The white supremacist who said in a manifesto he wanted to start a race war by attacking churchgoers at an evening Bible study was quickly found guilty today of the nine murders.
A federal jury in Charleston deliberated for two hours before convicting Dylann Roof on 33 counts in the June 2015 massacre at the historic Emanuel AME Church.
The defense acknowledged Roof’s confession to the crime, but tried to paint the 22-year-old killer as a disaffected youth led astray. According to the Post and Courier, Roof said he wants to represent himself in the penalty phase, where he could receive the death penalty.
Roof shot and killed Cynthia Hurd, 54, Susie Jackson, 87, Ethel Lance, 70, Depayne Middleton-Doctor, 49, state Sen. Rev. Clementa Pinckney, 41, Tywanza Sanders, 26, the Rev. Daniel Simmons Sr., 74, Sharonda Coleman Singleton, 45, and Myra Thompson, 59, after they welcomed the stranger to join their Bible study; Pinckney pulled up a chair so Roof could sit next to him and provided him with a Bible. Roof opened fire when the victims’ eyes were closed in prayer at the end of the study session.
Authorities said they found lists of other black churches in the area in Roof’s car.
Sen. Tim Scott (R-S.C.) said the families need to know “we are all still with you” because “while this chapter is now closed, the rest of this book has yet to be written.”
“Your strength and courage has changed Charleston, South Carolina, and our nation forever. We will not ever be able to fully thank you for showing us all the true meaning of righteousness, but what we can do is continue working every single day to ensure that the legacy of the Emanuel 9 lives on forever,” Scott said.
“We know that love can overcome hate, and that united we are greater than the sum of our parts. Because although a racist madman attempted to destroy us, and we will never forget the scars he gave us, what he really ended up doing was showing us what we must do every single day. Believe in love. Trust in each other. And be resolute in our determination to move forward together.”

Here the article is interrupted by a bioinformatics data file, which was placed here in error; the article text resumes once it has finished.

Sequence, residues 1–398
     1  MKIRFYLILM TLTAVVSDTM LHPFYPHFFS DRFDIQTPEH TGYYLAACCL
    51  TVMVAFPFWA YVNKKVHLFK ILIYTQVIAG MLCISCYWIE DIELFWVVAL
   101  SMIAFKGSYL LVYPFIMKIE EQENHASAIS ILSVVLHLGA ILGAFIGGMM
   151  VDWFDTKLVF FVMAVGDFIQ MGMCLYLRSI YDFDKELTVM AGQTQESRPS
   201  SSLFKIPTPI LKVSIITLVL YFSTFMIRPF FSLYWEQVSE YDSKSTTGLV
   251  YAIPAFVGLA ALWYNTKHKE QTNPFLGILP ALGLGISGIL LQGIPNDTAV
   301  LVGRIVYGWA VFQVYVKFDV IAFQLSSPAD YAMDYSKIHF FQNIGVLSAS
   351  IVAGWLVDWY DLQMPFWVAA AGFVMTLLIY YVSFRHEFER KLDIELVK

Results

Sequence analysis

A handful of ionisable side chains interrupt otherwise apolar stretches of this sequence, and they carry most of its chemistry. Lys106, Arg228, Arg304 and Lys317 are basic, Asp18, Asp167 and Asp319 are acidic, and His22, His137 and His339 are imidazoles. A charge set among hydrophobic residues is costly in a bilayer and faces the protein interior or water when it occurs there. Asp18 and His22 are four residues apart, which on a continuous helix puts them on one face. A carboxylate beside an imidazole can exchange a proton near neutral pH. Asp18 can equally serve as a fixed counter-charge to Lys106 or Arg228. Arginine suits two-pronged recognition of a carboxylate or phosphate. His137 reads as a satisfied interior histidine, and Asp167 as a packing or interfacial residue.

Rep. Trey Gowdy (R-S.C.) urged the death penalty for Roof, saying “crimes that shock the collective community conscience coupled with overwhelming evidence of guilt warrant society’s ultimate punishment.”
“Our thoughts and prayers are with the victims and their families as the guilt phase has concluded. In addition to the legacy of the victims, their loved ones, and the broader Charleston and South Carolina communities, we thank the prosecutors and law enforcement officers who have dedicated countless hours in pursuit of what is just,” Gowdy said in a statement. “As the family, friends and congregation of Mother Emanuel continue to heal, may our nation be reminded of what South Carolina learned 18 months ago – what binds us together far exceed whatever may separate us.”
Rep. Mark Sanford (R-S.C.), who represents Charleston, said the church families “have shown heavenly grace and inspired people from here at home and around the world to ask ‘how we might then live,’ in light of the example of grace they have indeed walked.”
“It will be important that each one of us continues to pray. In this case, that the jurors will have heavenly guidance as the next phase of the trial begins in January, and they decide whether Mr. Roof should be sentenced to death or spend the rest of his life in prison,” Sanford added. “For now, though, we should all be thankful that there is peace in Charleston, that our legal processes have worked, and that we are on the road to justice being done in the wake of unimaginable tragedy.”
Gov. Nikki Haley tweeted, “It is my hope that the survivors, the families & the people of South Carolina can find some peace in the fact that justice has been served.”